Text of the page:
Wednesday, April 14, 2021

Using the Minolta Hi-Matic 9

 Back last November, I wrote about another film camera arriving. Well, I never got around to showing the pictures - better late than never, I suppose!

After checking over the Minolta Hi-Matic 9, I loaded a roll of 35mm Kodak Gold film (ISO 200) and went for a walk around the town. Except for one shot, I left the camera on Auto to test how well the light metering worked. More about that later.

Preparing the camera

Loading film into the Hi-Matic 9 was straightforward and as easy as most other 35mm cameras of the era. The film winding lever has a longish throw but is sturdy and smooth, coming positively to a stop when the film is wound on. It provides confident feedback that everything is just as it should be in the film winding department. The shutter is locked after each exposure and is only activated by winding on the film, so no double exposures here - intentional or otherwise.

Underneath the lens is a small lever that activates the metering system and sets the ISO speed of the film being used. Before shooting this has to be positioned from "OFF" to the ISO of the film in use. Once this is set, there is a battery check procedure, accessed by turning all the dials on the lens (shutter, aperture, focus) to the "check" mark. If the needle in the viewfinder hovers in the correct position, then the battery is good and the metering should work correctly.

Using the camera

With the camera set to auto, using the camera is simple - compose, focus, shoot. There really isn't anything complex here and the digital photographer might only be thrown by the lack of autofocus. The viewfinder, is a typical rangefinder, split-image type. Bring the two images together and you will be in focus. If you are not used to rangefinders, it may take a little getting used to but, once you know what to look for, focusing is both quick and accurate.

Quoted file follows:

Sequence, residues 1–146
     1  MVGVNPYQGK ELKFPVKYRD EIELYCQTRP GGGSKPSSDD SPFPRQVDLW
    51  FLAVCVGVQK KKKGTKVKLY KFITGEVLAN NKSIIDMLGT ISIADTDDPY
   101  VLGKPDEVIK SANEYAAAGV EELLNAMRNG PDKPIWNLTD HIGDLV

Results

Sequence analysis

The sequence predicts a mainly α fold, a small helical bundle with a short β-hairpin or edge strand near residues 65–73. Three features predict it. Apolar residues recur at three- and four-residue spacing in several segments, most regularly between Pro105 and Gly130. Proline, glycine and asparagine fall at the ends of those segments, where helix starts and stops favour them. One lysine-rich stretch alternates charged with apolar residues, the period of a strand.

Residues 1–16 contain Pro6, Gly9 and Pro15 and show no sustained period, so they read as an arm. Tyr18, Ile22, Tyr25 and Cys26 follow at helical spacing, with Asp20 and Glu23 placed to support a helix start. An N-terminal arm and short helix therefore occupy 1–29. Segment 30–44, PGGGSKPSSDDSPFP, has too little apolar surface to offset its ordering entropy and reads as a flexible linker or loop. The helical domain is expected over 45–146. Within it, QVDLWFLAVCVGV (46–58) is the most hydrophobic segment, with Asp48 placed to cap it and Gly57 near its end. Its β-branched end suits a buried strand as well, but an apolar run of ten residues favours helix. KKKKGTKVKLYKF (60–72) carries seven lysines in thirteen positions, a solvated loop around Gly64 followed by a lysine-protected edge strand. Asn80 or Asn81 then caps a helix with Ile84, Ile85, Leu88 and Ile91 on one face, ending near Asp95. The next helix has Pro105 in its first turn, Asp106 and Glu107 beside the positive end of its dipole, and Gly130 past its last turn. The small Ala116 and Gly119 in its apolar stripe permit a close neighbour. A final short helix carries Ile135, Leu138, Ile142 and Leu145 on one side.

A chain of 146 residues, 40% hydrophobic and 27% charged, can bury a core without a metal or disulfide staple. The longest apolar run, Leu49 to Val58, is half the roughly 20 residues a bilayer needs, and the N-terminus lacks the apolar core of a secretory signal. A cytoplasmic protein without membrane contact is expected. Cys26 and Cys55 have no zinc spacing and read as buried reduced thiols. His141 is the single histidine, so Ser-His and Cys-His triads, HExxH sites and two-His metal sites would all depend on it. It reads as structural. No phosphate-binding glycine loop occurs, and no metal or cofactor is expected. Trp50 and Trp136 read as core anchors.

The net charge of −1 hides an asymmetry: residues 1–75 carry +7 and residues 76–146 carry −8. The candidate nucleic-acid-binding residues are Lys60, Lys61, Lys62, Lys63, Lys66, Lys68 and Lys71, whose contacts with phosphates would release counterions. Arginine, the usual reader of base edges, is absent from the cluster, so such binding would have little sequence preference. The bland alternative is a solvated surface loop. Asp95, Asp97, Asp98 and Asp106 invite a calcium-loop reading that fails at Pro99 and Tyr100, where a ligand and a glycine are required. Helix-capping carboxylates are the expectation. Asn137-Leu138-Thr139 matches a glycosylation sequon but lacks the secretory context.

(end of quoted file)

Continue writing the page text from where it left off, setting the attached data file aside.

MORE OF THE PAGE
Setting a fixed focus for quick-action street shooting using zone focusing, is also possible but there is no depth of field scale on the lens, so you will need to know what you are doing or reference the camera manual for a depth of field scale (p27). Also, the focusing ring moves quite freely, so it is easy to knock out of focus if you aren't careful.

Like the long travel film advance, the shutter release also travels through a long distance (11-12mm). It takes a little practice to release the shutter smoothly as the tendency is to jerk the finger down forcefully after the first few mm of inaction. A hair-trigger this isn't, but practice makes perfect.

To change from completely auto mode, a lever on the lens needs to be depressed and a shutter speed selected. With the aperture ring still set on auto, the camera will choose an appropriate aperture to match the shutter speed. Moving the aperture ring from auto, puts the camera in fully automatic mode with camera settings under your complete control and the EV meter in the viewfinder to guide your decisions. Whatever your skill level, there is a way of using this camera to suit.

The results

I am pleased to say that every shot on the roll ended up correctly metered by the camera. However, the shortcoming of this fully automatic system is that the camera settings are adjusted on a scale from 1/15 sec at f1.7, up to 1/500 at f16 and there is no visual feedback that allows the user to know what settings are in use. Consequently, at least one exposure of a dark scene was made with a very slow shutter speed and camera shake was evident in the final result. Lesson: once the light begins to fail, take over control of the camera, or make sure that you have a high ISO film loaded.

Personally, I like the results; there's a quality to the colours that is quite different from digital and the highlight grading in cloudy sky is, again, hard to replicate with a purely digital image. The scanned images were sharp and got similar post-processing to my digital images. So, all in, the Minolta Hi-Matic 9 and Kodak Gold 200 film, get the thumbs up from me.

No comments:

Post a Comment